Fistful of reefer, p.1
Larger Font   Reset Font Size   Smaller Font       Night Mode Off   Night Mode

       Fistful of Reefer, p.1
Download  in MP3 audio

           David Mark Brown
Fistful of Reefer


  David Mark Brown

  Fistful of Reefer

  By David Mark Brown


  A novel of the Lost DMB Files

  Copyright 2011 David Mark Brown

  Cover art by Erin Mehlos

  This book is available in print at most online retailers

  Licensing notes: This book is licensed for your personal enjoyment only. This book may not be re-sold or given away to other people. If you would like to share this book with another person, please purchase an additional copy for each recipient. If you're reading this book and did not purchase it, or it was not purchased for your use only, then please purchase your own copy. Thank you for respecting the hard work of this author.

  All rights reserved. This book or parts thereof may not be reproduced in any form, stored in a retrieval system, or transmitted in any form by any means without prior written permission of the authors, except as provided by United States of America copyright law.

  This book is entirely a work of fiction.

  Table of Contents

  Letter to the Reader

  El Diablo and the Rinche

  El Chupawhata?


  Catholic Hills

  San Felipe Springs

  Don’t Come Knocking

  Chancho’s Reefer Madness

  The Trail

  The Campfire

  From the River

  New Friends

  Hacienda O’Brien

  When Darkness Falls

  Rock With Eyes

  The Plot Thickens

  McCutchen’s Play

  Planes, Trains and Blood



  When Home Ain’t Home

  Revolutionary Gold

  The Road to Revolution

  Friends and Foes

  Author Greeting

  Author Bio

  Sneak Peek: The Austin Job (#18 of the Lost DMB Files)

  Letter to the Reader

  The earliest novel-length creative work of David Mark Brown yet to be discovered, it appears Fistful of Reefer represents a turning point in Brown’s career. His short stories and dime novel serials up to this point, while revealing tantalizing bits of what I now believe to be a forgotten history, don’t seem to do so intentionally.

  Fistful of Reefer is a different matter. Within these pages an astute reader will discover veiled accusations and clues to a larger conspiracy Brown had apparently decided to target with his fiction. It is my personal belief he’d come to accept he could not currently stand up to the mysterious entity he later refers to simply as “the benefactors.” Thus he decided the best means of preserving the historicity of their secret movements to be his reasonably popular (at the time) pulp stories.

  Having recently discovered Brown’s version of events best explain the tumultuous happenings during the last year of my personal life, I’ve undertaken the task of discovering as many of these Lost DMB Files as possible in order to present them to you, dear reader, digitally and in their truest form. Thus, I offer that every reader at least consider these amazing adventures be based upon not only historical fact, but a truth intentionally purged from our collective consciousness.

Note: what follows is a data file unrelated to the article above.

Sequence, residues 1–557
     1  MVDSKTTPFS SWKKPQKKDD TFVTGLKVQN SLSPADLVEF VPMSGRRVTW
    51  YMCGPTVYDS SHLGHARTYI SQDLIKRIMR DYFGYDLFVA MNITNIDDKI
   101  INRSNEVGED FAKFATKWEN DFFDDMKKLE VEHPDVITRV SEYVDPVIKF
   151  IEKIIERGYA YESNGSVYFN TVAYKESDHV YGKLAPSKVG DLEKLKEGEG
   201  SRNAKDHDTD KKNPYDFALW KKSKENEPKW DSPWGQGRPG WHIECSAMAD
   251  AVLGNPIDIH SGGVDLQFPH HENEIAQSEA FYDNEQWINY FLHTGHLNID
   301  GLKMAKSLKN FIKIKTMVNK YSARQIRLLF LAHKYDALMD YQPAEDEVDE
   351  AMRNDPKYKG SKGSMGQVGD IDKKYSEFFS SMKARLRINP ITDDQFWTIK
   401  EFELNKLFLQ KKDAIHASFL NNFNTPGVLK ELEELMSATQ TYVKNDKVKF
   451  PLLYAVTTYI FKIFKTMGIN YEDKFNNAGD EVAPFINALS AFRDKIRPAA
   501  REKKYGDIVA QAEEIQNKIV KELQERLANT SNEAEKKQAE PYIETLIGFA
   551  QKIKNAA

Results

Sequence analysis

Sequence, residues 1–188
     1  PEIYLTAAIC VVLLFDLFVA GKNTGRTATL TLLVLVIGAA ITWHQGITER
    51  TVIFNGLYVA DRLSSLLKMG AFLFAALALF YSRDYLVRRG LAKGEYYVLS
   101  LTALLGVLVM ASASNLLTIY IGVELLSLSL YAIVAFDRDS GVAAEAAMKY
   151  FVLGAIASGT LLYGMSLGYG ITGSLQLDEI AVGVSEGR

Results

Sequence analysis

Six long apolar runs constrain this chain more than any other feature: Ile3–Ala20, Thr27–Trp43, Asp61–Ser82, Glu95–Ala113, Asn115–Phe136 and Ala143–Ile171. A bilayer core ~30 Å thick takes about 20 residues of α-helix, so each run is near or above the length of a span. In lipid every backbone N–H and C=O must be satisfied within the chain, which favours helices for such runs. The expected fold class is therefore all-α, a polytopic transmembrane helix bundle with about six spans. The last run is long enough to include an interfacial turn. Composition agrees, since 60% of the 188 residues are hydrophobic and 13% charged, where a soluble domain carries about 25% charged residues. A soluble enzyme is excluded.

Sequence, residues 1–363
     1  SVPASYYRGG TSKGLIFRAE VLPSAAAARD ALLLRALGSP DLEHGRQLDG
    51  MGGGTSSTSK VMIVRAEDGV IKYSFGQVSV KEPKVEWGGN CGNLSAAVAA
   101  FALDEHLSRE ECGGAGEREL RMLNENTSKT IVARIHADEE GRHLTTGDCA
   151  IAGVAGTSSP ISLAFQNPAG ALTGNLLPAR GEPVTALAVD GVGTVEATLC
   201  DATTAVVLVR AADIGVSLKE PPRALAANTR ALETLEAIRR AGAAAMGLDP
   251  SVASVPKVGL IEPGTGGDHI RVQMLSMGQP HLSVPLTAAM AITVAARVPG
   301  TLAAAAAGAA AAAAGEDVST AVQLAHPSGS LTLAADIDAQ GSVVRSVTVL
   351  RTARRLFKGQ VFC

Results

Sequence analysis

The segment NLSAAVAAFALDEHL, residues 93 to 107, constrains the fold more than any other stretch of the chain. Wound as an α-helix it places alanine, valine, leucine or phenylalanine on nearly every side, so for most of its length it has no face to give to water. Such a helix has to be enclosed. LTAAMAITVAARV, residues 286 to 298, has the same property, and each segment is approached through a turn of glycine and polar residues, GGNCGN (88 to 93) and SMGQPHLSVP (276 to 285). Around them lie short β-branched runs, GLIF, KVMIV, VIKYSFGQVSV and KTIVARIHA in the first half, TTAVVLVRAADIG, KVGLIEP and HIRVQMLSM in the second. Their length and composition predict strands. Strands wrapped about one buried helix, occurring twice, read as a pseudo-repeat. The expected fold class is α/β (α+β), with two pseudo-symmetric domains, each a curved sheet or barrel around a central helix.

Fistful of Reefer first appeared in 1919, just before the formation of the Democratic Republic of Texicas. The original text used the pseudonym McCormick for J.T. McCutchen—the infamous Texas Ranger most remember as the ruthless head of Texicas Homeland Security. It wasn’t until editing later works by Brown that I discovered the connection. And even though I suspect Chancho to be a pseudonym as well, I’ve yet to make any connection to a historical figure. Perhaps he represents a amalgam or conglomeration of personalities.

  As to not delay your enjoyment of the tale any more than can pleasantly be born up, I’ll mention only one final oddity I think most readers will find interesting. After traveling to the border regions described within Fistful of Reefer I did indeed discover the ruins of an orphanage. I’m loath to give away the story, so it must suffice to say I located a certain hiding spot just as described by Brown, down to the last detail. Alas, the hidy-hole was empty, but I’ll let you infer your own meaning upon that.


  Professor Jim “Buck” Buckner

  Department of Geology, University of Texicas, Austin

  All known “Lost” Files (in chronological order allowing for suspected gaps):

  Reefer Ranger (#9)

  Del Rio Con Amor (#14)

  Fistful of Reefer (#17)

  The Austin Job (#18)

  Hell’s Womb (#22)

  Get Doc Quick (#24)

  McCutchen’s Bones (#25)

  Twitch and Die! (#26)

  Paraplegic Zombie Slayer (#35)

  Fourth Horseman (#43)

  And now, Fistful of Reefer. Viva this!

Turn Navi Off
Turn Navi On
Scroll Up

Other author's books: